Disruption of Travel: Why Indian Startups are Creating Global Waves


Sangeet Paul Choudary writes regularly on strategies for online two-sided markets: platforms, marketplaces, and communities, at platformed.info and works closely with startups in these spaces in India, Singapore, and the US. Follow him on twitter.

Travel has been one of the most successful consumer internet verticals in India. Despite the fact that the country’s road infrastructure leaves a lot to be desired, trains have a history of not being on time, and airline operators are constantly in the red, the online travel industry in India is a great growth story.

Here are a few points that stand out:

  1. MakeMyTrip (NASDAQ:MMYT) continues to be a market leader in online travel and had one of the most successful Nasdaq tech IPOs in recent years.

  2. The IRCTC, the government’s rail booking site, accounts for nearly 20 percent of internet traffic in India and accounts for an average of 400,000+ ticket bookings a day.

  3. RedBus, an online bus-ticketing platform, has been listed among the 50 most innovative companies in the world. It is the largest bus-booking platform globally and the fastest growing company in India with a CAGR of 4,800 percent till 2010.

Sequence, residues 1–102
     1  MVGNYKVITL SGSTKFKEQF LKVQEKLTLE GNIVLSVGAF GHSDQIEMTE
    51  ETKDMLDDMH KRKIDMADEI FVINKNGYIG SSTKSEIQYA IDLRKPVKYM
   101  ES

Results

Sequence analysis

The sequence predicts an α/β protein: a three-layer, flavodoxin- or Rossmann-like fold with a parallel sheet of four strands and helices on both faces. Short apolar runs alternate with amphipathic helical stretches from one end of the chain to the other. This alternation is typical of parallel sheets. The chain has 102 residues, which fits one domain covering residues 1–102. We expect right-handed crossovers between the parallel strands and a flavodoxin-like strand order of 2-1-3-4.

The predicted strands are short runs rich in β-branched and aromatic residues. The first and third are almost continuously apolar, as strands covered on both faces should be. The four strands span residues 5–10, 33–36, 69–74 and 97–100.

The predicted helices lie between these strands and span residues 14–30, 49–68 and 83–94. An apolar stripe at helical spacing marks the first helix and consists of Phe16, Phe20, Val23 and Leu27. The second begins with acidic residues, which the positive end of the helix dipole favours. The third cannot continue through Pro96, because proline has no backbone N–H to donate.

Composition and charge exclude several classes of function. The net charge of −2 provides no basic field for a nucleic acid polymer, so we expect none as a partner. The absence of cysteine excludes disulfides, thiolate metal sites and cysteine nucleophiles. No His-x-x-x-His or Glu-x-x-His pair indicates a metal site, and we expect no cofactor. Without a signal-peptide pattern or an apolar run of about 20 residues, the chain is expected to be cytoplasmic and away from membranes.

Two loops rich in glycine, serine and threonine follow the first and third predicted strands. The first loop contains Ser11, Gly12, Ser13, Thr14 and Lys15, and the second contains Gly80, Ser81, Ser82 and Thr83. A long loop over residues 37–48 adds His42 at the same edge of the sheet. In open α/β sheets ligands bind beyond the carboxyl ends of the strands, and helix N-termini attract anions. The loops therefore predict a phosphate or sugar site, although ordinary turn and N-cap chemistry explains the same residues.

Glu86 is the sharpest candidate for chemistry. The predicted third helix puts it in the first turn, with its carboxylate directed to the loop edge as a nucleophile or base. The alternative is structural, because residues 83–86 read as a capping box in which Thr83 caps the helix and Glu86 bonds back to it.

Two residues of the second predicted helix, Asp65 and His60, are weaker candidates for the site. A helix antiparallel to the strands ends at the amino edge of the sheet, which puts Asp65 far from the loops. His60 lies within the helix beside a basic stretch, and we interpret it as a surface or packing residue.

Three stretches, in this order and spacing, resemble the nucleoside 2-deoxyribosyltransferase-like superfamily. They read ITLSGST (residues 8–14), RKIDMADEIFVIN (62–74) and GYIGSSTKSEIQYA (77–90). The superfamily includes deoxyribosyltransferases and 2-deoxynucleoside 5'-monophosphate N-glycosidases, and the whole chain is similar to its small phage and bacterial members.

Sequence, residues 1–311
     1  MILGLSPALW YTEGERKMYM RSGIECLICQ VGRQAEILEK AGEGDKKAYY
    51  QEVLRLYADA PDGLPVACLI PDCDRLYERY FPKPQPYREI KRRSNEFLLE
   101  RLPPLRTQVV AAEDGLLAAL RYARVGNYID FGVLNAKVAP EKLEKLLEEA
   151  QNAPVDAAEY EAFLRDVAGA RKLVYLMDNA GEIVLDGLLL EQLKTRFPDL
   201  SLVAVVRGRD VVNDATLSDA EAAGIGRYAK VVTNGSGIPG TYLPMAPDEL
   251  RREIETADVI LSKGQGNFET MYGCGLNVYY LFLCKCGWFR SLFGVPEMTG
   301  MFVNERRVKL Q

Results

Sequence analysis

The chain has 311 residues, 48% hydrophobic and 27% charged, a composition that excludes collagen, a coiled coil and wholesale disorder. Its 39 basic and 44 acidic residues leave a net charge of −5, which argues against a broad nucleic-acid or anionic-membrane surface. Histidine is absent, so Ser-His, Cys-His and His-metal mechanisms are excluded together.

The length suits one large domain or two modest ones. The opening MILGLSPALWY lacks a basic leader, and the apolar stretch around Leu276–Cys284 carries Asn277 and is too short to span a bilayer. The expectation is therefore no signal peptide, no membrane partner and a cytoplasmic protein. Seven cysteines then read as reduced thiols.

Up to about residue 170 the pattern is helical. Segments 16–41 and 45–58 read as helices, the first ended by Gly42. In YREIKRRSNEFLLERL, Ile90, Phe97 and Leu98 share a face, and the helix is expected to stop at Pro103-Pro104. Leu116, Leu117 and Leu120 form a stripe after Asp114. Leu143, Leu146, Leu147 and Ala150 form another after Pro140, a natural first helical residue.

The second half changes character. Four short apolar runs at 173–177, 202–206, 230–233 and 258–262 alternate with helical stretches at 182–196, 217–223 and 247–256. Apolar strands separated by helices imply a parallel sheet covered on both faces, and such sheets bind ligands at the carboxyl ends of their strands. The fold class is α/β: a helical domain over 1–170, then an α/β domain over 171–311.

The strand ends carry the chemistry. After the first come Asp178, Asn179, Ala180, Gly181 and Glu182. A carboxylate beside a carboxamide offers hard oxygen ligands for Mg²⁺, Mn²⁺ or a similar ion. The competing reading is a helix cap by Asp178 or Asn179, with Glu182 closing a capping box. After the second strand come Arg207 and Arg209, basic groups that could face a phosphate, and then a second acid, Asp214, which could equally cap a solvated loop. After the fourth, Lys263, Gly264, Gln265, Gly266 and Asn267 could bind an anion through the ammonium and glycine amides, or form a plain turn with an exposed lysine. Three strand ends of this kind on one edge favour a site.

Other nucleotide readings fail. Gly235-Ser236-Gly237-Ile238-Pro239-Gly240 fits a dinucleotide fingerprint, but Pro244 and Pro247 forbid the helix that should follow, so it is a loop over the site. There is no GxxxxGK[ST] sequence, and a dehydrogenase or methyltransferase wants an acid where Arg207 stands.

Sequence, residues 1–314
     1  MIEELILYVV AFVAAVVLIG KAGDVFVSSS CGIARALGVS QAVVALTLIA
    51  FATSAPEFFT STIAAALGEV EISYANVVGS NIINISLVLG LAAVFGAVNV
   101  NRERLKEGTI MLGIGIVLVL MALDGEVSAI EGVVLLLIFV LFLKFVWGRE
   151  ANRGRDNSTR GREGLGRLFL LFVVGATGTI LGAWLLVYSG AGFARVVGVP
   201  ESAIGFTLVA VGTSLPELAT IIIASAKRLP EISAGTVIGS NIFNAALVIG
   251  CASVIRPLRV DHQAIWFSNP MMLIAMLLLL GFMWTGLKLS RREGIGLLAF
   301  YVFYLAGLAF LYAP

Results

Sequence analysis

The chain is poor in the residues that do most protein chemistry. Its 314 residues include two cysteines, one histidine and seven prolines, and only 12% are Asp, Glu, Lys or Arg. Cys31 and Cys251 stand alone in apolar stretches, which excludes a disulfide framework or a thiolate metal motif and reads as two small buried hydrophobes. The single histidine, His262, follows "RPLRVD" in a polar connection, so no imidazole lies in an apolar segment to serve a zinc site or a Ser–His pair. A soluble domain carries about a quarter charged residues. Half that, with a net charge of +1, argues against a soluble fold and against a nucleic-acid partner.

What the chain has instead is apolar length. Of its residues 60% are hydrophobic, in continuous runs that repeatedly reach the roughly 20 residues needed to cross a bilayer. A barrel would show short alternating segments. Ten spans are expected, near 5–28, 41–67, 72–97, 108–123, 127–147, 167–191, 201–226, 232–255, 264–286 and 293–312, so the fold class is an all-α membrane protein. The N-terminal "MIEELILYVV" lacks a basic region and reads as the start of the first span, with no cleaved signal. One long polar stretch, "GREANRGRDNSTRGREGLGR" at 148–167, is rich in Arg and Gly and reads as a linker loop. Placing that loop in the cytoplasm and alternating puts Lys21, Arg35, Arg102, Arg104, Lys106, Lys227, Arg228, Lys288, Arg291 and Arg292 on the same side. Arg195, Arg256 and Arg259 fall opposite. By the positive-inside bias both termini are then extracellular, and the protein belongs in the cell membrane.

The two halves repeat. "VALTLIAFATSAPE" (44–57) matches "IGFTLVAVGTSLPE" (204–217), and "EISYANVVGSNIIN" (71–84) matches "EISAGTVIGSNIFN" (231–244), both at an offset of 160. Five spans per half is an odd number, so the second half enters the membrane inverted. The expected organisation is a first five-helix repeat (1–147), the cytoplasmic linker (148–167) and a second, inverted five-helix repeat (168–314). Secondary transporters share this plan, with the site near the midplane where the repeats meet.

Flights – The impact of affordable air travel

MakeMyTrip launched in 2000 but a combination of the dot com bust and 9/11 dried up business and funding for the company. It was only around 2004 that the company got a foothold in the travel market when local low-cost airlines launched in India for the first time.

online travel plane

Traditional travel agents did not book for low-cost carriers, enabling MakeMyTrip to become the travel agent for these airlines. Low-cost airlines made air travel more affordable for the masses in India, and their popularity spurred the growth of MakeMyTrip and the online travel industry.

Trains – Creating the category

Almost simultaneously, Indian Railways created the category of online ticket bookings when it launched IRCTC and spearheaded evangelism for online ticket bookings. IRCTC’s timing couldn’t have been better for the online travel industry as consumers were wary of transacting online and it would have been difficult for a startup with an unknown brand name to create awareness for an entire category.

Payment solutions

In the early days of online travel in India, online payment was a key consumer concern. Credit card penetration was really low and there was a general discomfort with purchasing online. IRCTC realized that it needed to serve the users in their current context to successfully create the online booking category and started setting up offline booking terminals where consumers could pay an agent a certain fee in cash for booking their ticket online. This was a critical transition as the offline presence gradually eased consumers into the concept of booking tickets online. Over time, a significant chunk of those users started booking online themselves owing to the increased ease of usage.

Additional payment mechanisms like prepaid cash cards also helped consumers without a credit card to buy online. Transactions received a further fillip when banks started offering third-party integration with internet banking.

Buses – The real disruption, converting non-consumption